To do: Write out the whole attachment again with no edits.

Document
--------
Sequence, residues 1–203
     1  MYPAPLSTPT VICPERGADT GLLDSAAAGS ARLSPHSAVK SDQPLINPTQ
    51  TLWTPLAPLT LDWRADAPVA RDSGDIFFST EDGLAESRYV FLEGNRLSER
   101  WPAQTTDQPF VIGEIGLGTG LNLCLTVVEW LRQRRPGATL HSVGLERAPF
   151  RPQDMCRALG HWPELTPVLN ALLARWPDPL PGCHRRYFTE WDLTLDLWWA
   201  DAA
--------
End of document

Sequence, residues 1–203
     1  MYPAPLSTPT VICPERGADT GLLDSAAAGS ARLSPHSAVK SDQPLINPTQ
    51  TLWTPLAPLT LDWRADAPVA RDSGDIFFST EDGLAESRYV FLEGNRLSER
   101  WPAQTTDQPF VIGEIGLGTG LNLCLTVVEW LRQRRPGATL HSVGLERAPF
   151  RPQDMCRALG HWPELTPVLN ALLARWPDPL PGCHRRYFTE WDLTLDLWWA
   201  DAA